June 11, 2021
FOR IMMEDIATE RELEASE
Thursday, June 10 2021
Jasmine Budnella, firstname.lastname@example.org
Mariah McGough, email@example.com
AFTER A FIGHT SPANNING OVER A DECADE, ASSEMBLY PASSES LIFE-SAVING BILL TO DECRIMINALIZE AND EXPAND ACCESS TO SYRINGES IN NEW YORK
See Statement on Monday’s Senate Vote From VOCAL-NY Leader, Ivette Chavez-Gonzalez, Who Has Been Incarcerated Multiple Times for Syringe Possession
ALBANY, N.Y. — Today, the New York State Assembly passed S2523/A868, legislation to decriminalize syringes and expand access in pharmacies by removing purchasing limits. The bill prioritizes evidence-based solutions, rather than further stigmatizing the surging overdose crisis and fragile drug user health infrastructure. In 2015, Assemblymember Gottfried and Senator Rivera introduced this lifesaving bill to close legal loopholes and build on previous prevention syringe access work that began with Governor Pataki. For six years, it has remained stagnant in the Senate, and has stalled out year after year on the Assembly floor.
Following the passage of S2523/A868 on the Assembly floor, VOCAL-NY release the following statement, attributable to Asia Betancourt, leader in VOCAL-NY’s Users Union:
“At long last this day has come and—for the first time in a very long time—I feel like the legislature is showing us that they believe people who use drugs deserve compassion and respect, and not criminalization. Passing this bill will save countless lives, and it is a much needed step in the right direction. Governor Cuomo must sign this bill immediately. And, we will keep fighting for access to other vital harm reduction tools like Overdose Prevention Centers.”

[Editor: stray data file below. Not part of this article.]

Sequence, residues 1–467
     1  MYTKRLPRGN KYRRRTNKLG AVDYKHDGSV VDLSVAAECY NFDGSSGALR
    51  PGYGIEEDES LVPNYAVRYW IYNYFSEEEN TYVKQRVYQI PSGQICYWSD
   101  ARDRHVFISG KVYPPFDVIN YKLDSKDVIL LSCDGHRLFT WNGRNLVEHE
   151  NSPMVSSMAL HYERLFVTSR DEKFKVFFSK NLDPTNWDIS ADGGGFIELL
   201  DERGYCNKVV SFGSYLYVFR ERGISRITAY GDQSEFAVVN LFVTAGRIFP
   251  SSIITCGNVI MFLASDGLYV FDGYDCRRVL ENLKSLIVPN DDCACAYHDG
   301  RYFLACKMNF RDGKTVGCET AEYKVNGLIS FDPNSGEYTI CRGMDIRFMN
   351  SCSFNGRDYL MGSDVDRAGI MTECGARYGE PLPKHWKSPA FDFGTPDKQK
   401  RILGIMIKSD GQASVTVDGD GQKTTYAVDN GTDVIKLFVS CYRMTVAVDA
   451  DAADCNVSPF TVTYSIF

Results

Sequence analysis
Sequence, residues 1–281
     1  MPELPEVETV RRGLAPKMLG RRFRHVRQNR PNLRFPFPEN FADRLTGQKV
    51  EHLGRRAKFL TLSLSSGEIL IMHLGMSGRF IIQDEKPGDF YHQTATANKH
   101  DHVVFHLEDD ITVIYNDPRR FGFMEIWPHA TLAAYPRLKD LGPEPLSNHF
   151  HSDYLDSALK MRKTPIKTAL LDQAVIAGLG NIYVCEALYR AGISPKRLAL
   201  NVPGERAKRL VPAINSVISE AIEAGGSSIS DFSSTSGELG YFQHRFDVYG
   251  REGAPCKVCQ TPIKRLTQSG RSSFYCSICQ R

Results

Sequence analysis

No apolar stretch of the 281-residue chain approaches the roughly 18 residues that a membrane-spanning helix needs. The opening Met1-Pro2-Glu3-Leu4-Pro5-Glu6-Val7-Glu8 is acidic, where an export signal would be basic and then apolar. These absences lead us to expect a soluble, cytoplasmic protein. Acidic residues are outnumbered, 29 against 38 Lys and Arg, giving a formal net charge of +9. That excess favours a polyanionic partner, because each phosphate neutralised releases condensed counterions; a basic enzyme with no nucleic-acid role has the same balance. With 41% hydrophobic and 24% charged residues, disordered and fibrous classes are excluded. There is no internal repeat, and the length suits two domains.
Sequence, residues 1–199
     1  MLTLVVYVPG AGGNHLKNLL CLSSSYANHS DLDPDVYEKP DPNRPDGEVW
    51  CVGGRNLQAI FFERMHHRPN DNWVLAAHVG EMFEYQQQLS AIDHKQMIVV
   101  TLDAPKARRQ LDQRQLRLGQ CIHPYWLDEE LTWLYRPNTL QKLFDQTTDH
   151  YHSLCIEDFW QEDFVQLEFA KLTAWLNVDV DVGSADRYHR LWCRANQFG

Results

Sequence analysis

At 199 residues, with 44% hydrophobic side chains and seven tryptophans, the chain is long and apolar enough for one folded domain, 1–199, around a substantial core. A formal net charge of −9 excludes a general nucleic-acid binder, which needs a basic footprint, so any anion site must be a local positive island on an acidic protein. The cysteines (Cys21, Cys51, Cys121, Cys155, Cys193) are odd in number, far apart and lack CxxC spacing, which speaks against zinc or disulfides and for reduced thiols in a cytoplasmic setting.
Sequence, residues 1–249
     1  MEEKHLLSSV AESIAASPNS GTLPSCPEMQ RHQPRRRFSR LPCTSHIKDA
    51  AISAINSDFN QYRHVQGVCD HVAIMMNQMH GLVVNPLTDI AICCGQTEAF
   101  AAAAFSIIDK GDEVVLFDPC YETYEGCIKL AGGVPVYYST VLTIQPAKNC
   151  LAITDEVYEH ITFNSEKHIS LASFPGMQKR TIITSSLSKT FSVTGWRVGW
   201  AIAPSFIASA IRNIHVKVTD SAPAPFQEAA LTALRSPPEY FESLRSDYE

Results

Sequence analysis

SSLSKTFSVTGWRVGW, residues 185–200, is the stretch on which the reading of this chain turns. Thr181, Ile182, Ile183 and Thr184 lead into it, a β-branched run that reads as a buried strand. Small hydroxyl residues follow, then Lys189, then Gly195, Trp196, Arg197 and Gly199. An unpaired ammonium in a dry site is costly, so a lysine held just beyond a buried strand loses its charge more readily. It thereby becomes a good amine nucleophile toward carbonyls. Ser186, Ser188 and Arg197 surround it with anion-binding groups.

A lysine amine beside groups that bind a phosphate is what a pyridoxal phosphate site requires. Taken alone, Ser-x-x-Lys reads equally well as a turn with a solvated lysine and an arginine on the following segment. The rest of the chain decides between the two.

For decades, the New York State Department of Health has funded syringe service programs to provide people who use drugs with sterile syringes and supplies — but the state still has a law that makes possession of a syringe illegal and the penalty can be up to a year in jail. Governor Cuomo exacerbated the barriers created by the current law. During the height of the pandemic, Cuomo cut funding to syringe service programs and created a syringe shortage that resulted in HIV clusters and surging hepatitis C rates across the state. Black New Yorkers in particular face significant overdose risk, and are disproportionately criminalized due to institutional racism and the state’s drug laws. Decriminalizing and expanding access to syringes by removing the limit at pharmacies is a vital public health strategy that will save countless lives.
Syringe decriminalization and expansion bill was proposed in the New York State’s Blueprint to End the AIDS Epidemic, and listed as a recommendation in the Joint Senate Task Force on Opioids, Addictions, and Overdose Prevention Report. Yet the bill remained untouched, while related bills have advanced. Today is a historic win for the health and dignity of New Yorkers.